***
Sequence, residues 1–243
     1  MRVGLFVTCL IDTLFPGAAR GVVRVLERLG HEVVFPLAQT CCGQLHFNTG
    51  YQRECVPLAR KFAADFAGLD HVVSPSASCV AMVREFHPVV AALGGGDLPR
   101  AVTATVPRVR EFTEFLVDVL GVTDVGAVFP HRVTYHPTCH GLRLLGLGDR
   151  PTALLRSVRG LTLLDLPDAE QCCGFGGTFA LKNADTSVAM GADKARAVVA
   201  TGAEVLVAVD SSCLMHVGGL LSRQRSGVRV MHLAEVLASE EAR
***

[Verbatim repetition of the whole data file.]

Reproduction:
Sequence, residues 1–243
     1  MRVGLFVTCL IDTLFPGAAR GVVRVLERLG HEVVFPLAQT CCGQLHFNTG
    51  YQRECVPLAR KFAADFAGLD HVVSPSASCV AMVREFHPVV AALGGGDLPR
   101  AVTATVPRVR EFTEFLVDVL GVTDVGAVFP HRVTYHPTCH GLRLLGLGDR
   151  PTALLRSVRG LTLLDLPDAE QCCGFGGTFA LKNADTSVAM GADKARAVVA
   201  TGAEVLVAVD SSCLMHVGGL LSRQRSGVRV MHLAEVLASE EAR